Sarah Akers,  1870:250-401, 5W2, MTuW 8:00AM-9:40AM, CAS 139
This course will examine several motion pictures, ranging from the silent film era to the present day, all of which are based on actual historical events or subjects. We will compare the content of the films with the established facts, and discuss how a work of art (such as a film) can either enhance or diminish our knowledge of history.
Stacia Marie Smilek,  1870:250-403, INT, MWTh 9:30AM-1:00PM HC 092
This course will teach students that regardless of their major or intended career that Communication has an important place. The course will teach students how to properly communicate in several different contexts, all of which will directly relate to their everyday lives and potential careers. Students will complete a variety of projects where they will put into practice the specific skills that are being taught in the classroom.
Dr. Stanley Akers,  1870:360-402, 5W2, MTuW 8:00AM-9:40AM HC 082
In this colloquium we will examine the theory of social movements in modern US society and focus on the Civil Rights, Women’s, and Anti-War Movements. Our objective is to examine the role of movements in formation of public policy and the interaction between movements and their impact not only on the society of the time, but their role in creating conditions which require further action in the 21st century.
Carrie A. Tomko,  1870:360-401, INT, TuTh 10:00am-3:30PM HC 083
Communication is key in this fast-paced society with TV, radio, and the internet bringing instantaneous news, information, and entertainment. The mass media brings global topics from across the world close to home. What are the current events covered in the news? What content is shared? Beyond content, what underlying messages are generated in mass media messages?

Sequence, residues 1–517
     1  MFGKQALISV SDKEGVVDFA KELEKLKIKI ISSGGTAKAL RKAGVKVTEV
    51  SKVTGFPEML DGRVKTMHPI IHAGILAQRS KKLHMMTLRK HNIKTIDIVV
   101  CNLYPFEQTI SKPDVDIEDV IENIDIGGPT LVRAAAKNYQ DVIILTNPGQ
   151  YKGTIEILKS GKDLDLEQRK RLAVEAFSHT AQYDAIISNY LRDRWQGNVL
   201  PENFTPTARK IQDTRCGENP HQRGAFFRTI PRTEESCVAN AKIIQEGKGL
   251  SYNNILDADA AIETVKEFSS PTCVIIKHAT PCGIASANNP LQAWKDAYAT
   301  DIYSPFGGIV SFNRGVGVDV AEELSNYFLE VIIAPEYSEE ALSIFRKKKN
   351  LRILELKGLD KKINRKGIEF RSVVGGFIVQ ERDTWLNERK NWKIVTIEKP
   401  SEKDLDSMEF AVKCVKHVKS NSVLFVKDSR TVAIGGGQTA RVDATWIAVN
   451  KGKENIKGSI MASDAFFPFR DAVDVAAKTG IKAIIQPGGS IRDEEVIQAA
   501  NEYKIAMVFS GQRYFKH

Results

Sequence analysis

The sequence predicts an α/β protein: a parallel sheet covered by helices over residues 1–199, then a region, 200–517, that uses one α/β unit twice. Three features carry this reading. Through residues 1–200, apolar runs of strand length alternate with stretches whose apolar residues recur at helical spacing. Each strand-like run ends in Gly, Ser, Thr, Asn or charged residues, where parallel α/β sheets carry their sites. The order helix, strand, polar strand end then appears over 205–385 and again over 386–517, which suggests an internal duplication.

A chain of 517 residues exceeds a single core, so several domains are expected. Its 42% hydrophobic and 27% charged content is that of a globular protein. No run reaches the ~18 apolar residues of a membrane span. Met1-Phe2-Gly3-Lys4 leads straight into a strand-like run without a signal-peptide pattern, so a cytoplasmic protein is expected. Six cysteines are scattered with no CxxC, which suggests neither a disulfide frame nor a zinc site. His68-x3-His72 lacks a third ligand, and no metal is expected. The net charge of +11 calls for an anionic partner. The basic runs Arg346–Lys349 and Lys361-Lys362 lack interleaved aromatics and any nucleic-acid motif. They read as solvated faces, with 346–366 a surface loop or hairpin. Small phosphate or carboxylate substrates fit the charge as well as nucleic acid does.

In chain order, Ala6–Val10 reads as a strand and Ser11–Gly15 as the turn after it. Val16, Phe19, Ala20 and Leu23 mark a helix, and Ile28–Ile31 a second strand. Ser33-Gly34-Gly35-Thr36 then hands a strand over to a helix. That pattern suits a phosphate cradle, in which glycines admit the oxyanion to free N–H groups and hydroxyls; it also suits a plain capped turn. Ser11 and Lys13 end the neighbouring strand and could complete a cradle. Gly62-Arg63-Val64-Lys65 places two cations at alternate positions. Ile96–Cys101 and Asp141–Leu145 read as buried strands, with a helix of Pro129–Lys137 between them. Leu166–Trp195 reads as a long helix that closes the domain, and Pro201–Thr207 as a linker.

This colloquium will engage students by examining current event coverage in conjunction with communication theories in order to critically analyze what we are seeing and hearing in the media. This course will focus particularly on issues of diversity, gender, and other controversy, and how these dynamics play out in the media. An emphasis will be placed on classroom discussion, welcoming personal opinions on TV, radio, and internet coverage of current events. Watch it! Discuss it! Be a student of the world around us!
Global Environmental Issues
Dunbar, Michael, 1870:470-402 5W1, TuTh 9:00AM-11:30AM Kolbe Hall 205
The Earth is now home to over 7 billion human beings. During the semester we'll be exploring how our presence on the planet has impacted the natural resources, its environment, and offer a prognosis for the future. Our discussions and debates will examine topics such as how our actions and technology have impacted the Earth's climate, biodiversity, natural resources, and technology, to name a few.
Kevin Kaut,  1870:470-405, INT, TuWTh 1:00-4:30pm HC 082
Human health and wellness—and naturally the treatment of disease—rely on scientific advances. Scientific research is the foundation for our understanding of the seemingly countless known (and yet to be known) issues that challenge our health and functioning across the lifespan. In this natural science colloquium, we will explore some of the remarkable advances in the modern scientific era, and consider the important (and sometimes difficult) synergies among those representing the best interests of research, medicine, industry, and even politics. By considering noteworthy examples throughout history (e.g., HIV-AIDS; ‘sleeping sickness’; pre-symptomatic genetic testing; prefrontal lobotomies; psychoactive drugs) we will better appreciate the complex issues that enhance—and impede—progress in understanding and treating the human condition. Through brief lectures, discussion, film, and invited speakers, this natural science colloquium is intended to sample from a variety of scientific ‘challenges’, with the overarching goal of better understanding the multidimensional nature of physical and mental health. Although scientific research will typically be the focus of our discussions, we will often attempt to examine the complex political, financial, and social-emotional factors that fuel the greatest of scientific accomplishments (e.g., Nobel laureates) and less well understood ‘failures’ in science and medicine.
180 South College Street
The University of Akron
Akron, OH 44325-1803